The meteoric rise of streaming TV in Australia has been an incredible thing to see. We were once happy to watch TV when we were told to, making time in our day to sit in front of the box for the weekly or nightly dose of our favourite shows, or set the recorder to grab it for us to watch later. In the space of a few short years, millions of Australians now get home and pull up a menu of movies, TV shows and documentaries that they can watch whenever they want — streamed on demand and always ready with the next thing on your list of stuff to watch.
If you’re a sports fan, though, you’ll be keenly aware that something’s been missing from Australia’s streaming menu – live sport.
In the US, various sporting codes got in early on the streaming revolution. Major League Baseball and the NBL, for example, have had their own streaming services available for years. But we’re in a different world here in Australia, where the dominant delivery system for live sport has been satellite and cable TV, and with Foxtel owning the rights to all the big stuff.
So the question often comes up: why exactly aren’t the big streaming services rushing to fill this gap? Why hasn’t Netflix, with its billions of dollars of cash to splurge on content, tried live sport streaming? Sure, they’ve never ruled it out, but all indications say they’ve got no plans to try it.
Amazon’s Prime Video service, still in low-key launch phase in Australia, has been asked that question a lot as well. Even though they’re considered as another producer of original movie and TV content, nobody really expected Prime Video to have the ambition to make the leap into live sport streaming (though Amazon certainly has the money to do it).
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Amazon Prime to Stream Live Sport
And then, to everyone’s surprise late last year, Amazon Prime Video announced live streaming of the American NFL’s Thursday Night Football. It’s made available to over 200 countries around the world at no extra charge, in high definition, live and direct. Previously, the code had a deal with Twitter for streaming games — a strange pairing that clearly didn’t work out.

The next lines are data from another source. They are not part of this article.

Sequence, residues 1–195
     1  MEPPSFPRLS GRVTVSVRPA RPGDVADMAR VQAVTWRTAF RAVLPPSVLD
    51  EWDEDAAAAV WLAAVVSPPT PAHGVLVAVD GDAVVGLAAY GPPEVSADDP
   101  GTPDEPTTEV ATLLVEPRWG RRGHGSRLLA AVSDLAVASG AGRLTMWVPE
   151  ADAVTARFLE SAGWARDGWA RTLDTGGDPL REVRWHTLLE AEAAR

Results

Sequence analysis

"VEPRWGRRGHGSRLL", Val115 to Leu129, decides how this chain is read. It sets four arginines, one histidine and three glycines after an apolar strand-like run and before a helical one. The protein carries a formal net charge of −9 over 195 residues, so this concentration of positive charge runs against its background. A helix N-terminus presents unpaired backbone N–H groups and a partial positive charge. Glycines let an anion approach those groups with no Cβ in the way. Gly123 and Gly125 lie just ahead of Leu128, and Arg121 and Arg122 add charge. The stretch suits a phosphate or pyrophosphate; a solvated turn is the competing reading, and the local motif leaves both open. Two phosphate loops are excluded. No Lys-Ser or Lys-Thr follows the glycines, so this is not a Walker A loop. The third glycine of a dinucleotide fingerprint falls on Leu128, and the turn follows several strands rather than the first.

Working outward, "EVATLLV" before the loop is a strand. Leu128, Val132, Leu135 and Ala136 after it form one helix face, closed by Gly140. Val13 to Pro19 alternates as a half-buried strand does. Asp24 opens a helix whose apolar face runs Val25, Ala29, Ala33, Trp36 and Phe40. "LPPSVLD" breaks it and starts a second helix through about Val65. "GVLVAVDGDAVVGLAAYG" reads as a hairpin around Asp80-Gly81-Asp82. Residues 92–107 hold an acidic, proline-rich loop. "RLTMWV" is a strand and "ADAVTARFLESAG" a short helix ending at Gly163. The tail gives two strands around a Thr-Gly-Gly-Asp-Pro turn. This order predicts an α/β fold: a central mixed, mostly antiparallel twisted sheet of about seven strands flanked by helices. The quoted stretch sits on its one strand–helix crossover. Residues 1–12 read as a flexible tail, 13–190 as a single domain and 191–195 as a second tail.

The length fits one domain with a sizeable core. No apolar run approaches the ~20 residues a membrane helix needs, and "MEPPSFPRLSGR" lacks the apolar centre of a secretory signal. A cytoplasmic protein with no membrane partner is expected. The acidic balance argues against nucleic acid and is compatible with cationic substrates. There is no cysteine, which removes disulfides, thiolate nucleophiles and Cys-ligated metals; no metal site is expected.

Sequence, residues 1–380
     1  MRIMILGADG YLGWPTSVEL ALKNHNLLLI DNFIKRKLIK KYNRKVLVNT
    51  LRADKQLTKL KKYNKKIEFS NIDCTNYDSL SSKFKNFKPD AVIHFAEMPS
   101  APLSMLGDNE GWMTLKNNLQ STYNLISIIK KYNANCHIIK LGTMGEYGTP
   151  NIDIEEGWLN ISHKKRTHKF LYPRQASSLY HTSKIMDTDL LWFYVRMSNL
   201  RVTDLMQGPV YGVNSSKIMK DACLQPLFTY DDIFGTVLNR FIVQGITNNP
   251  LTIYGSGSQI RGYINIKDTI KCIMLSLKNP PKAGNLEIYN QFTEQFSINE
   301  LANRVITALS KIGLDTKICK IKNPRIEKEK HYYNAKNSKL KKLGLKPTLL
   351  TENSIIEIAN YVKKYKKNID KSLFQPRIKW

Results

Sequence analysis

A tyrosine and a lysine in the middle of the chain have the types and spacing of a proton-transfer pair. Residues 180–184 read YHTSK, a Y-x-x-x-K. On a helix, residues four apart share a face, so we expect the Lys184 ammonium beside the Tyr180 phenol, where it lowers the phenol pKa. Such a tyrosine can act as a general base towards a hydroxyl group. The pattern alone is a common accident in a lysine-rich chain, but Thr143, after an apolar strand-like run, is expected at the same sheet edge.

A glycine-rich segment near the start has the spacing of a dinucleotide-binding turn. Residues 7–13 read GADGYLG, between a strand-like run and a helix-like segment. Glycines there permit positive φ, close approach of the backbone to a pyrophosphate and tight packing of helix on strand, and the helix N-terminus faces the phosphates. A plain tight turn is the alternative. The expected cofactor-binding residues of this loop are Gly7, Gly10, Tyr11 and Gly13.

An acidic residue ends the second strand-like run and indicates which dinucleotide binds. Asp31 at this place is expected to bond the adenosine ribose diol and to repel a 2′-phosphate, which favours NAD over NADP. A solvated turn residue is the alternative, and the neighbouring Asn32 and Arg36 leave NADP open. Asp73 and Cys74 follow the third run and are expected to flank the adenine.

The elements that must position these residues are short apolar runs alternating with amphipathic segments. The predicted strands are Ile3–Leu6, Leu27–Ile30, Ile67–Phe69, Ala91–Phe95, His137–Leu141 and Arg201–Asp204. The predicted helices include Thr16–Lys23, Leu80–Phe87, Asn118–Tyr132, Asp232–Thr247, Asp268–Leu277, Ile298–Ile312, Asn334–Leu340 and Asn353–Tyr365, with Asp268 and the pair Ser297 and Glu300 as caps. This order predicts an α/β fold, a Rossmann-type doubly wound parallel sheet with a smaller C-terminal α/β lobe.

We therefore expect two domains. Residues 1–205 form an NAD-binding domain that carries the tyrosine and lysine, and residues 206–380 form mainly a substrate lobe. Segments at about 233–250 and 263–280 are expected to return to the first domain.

It’s a move that didn’t get much attention at all in Australia, which is perhaps not surprising, given that the fanbase here for NFL football is extremely small. But don’t underestimate the size of the gauntlet being thrown down here. This is one of the biggest companies in the world using their streaming service (which is definitely not the biggest in the world) to show how it can be done – and you can bet that the world’s sporting bodies were watching intently.
Next on Amazon’s list for Prime Video was ATP tennis, with a deal being struck to stream select tournaments worldwide from next year until 2023. An Amazon-sponsored “Next Gen” tournament was used as a test late last year, but when the full service arrives, your Prime subscription will give you access to almost all of it. There will, however, be some tournaments that cost extra to stream – and while there’s no indication what that cost will be just yet, you can be pretty sure it’s going to be cheaper than subscribing to the sports package of your pay TV provider.